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Sep 7, 2017

Some English expressions Nigerians have succeeded in changing their meanings

Anyone who visits Nigeria for the first time will definitely misconstrue Nigerians because of the way they use certain English expressions. It is a common practice among Nigerians to use certain English expressions to mean the opposite of the surface or actual meaning of the expressions. What is really startling about this is that the addressee actually understands the statement of the speaker despite the contrary meaning attached to it.

These expressions seem very correct to its users, regardless of the contexts in which they are used. However, it is important to state here that context (i.e. the environment or situation) plays a vital role in the analysis of an utterance. It determines the acceptability, unacceptability, correctness and ungrammaticality of utterances.

Nigerians often use certain English expressions to mean the opposite of what the expressions imply in the following contexts:

1. In a situation where you ask a Nigerian "where are you going?", and he tells you "he is coming" (whereas he is leaving) to mean "he will be back soon". 99% are guilty of this crime. Why would you tell me you are coming when you are actually going? Contextually, it is wrong; the correct way to answer this question is "I am going to get something close by. I will be back soon" or just tell the person "I'll be back soon" if you don't feel like telling him or her where you are going.

2. In a situation where a Nigerian mom tells her crying child to shut up and tell her what's wrong. This really amazes me. How can you shut a child up and still expects him to tell you what's wrong?  Surprisingly, the child understands that his mom wants him to keep calm and explain to her what's wrong. You could just say to the child, "dear, it's okay; come tell me what's wrong".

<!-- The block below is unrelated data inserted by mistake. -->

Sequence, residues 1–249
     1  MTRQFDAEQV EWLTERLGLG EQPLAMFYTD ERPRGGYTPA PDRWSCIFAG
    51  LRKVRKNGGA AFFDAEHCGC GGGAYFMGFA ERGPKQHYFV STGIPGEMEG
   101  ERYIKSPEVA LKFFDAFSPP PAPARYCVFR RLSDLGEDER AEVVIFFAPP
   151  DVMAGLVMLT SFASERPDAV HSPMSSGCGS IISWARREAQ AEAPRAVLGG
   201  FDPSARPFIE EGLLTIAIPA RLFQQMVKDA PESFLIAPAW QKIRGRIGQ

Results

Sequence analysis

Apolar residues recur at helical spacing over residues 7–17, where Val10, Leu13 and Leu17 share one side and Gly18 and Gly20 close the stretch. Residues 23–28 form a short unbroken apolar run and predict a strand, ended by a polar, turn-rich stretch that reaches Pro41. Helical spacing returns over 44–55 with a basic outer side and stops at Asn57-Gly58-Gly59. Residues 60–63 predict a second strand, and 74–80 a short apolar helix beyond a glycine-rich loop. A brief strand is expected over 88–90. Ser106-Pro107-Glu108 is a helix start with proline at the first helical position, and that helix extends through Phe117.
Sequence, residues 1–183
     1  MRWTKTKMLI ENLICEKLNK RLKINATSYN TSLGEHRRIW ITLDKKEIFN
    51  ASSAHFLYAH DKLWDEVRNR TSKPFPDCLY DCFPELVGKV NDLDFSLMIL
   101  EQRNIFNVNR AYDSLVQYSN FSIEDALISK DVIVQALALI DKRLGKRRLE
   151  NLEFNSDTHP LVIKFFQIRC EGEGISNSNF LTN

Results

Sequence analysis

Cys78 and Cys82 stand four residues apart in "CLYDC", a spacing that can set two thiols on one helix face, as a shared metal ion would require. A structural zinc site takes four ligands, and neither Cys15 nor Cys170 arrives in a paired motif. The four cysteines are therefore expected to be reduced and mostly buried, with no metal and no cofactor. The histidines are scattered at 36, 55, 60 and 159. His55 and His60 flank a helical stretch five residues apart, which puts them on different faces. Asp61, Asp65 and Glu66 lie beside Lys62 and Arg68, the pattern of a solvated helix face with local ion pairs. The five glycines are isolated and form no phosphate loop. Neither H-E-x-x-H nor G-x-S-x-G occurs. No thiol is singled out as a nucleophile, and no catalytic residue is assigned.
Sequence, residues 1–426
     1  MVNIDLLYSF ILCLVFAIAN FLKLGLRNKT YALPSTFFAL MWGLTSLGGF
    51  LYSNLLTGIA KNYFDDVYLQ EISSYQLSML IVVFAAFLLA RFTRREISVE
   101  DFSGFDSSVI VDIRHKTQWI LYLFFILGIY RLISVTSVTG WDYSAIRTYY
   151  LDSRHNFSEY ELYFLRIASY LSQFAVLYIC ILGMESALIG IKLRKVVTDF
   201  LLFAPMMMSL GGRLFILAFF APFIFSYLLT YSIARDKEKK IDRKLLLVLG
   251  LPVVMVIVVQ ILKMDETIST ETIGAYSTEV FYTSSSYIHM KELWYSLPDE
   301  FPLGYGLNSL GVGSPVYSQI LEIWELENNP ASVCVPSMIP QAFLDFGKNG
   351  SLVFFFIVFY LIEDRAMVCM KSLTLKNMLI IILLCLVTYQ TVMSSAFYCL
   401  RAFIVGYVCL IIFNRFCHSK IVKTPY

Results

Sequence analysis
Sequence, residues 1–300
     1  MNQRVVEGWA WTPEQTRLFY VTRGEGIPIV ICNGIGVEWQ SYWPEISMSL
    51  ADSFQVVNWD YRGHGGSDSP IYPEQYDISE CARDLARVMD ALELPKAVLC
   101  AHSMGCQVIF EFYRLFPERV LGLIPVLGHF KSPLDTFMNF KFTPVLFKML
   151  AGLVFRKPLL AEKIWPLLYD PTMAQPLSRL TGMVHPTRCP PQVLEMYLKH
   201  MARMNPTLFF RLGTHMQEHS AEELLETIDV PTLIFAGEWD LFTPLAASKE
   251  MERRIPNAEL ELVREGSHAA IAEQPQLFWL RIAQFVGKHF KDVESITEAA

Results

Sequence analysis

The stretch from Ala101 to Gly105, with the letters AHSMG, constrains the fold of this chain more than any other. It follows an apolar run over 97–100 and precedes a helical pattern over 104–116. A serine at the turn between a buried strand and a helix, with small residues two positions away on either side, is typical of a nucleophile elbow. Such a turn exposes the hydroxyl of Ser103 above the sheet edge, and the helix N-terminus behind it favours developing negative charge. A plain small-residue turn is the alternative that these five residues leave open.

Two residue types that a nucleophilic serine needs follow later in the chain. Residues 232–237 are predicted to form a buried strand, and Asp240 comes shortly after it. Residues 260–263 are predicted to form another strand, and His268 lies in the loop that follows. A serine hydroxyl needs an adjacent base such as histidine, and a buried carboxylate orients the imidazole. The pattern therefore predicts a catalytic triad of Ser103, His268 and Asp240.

3. In Nigeria, it is a common practice for a Nigerian to ask you "are you back?" instead of telling you "welcome" on your arrival from your place of work. Even when it is obvious the person is back from work, he will still be asked this silly question. The funniest part is that the addressee understands what the speaker actually means by that question. It means "welcome" to him. Very funny! This will really look strange to a native speaker.

4. In a situation where you ask a Nigerian, "are you okay?", and he tells you "it is well" to either mean he is okay, he is not okay, or an expression of hope. But should this be the correct answer to the question? I doubt! I am trying to figure out how "it is well" answers a polar question (a yes or no question) like "are you okay?".

From the instances given above, it is crystal clear that Nigerian users of the English language have succeeded in tampering with the actual meanings of certain English expressions. Since these expressions are understood by only Nigerian users of English, it will no doubt pose a comprehension problem among native speakers and Nigerian speakers of English. Therefore, for the sake of mutual intelligibility, the status quo should be maintained.

What other English expression do you think Nigerians have changed its meaning? Kindly use the comment box to state it.



Tammy Reuben Is A Graduate Of English And Literary Studies Whose Love For Teaching English As A Second Language And Providing Students With Useful Educational And Secular Information Resulted In The Creation Of This Blog.



  1. lol 9ja for life. Thanks.

  2. let me come and be going lol

  3. Tanks for this tammy

  4. issoryt...femi

  5. In Nigeria, we mostly answer questions using question. it's been a culture in Nigeria.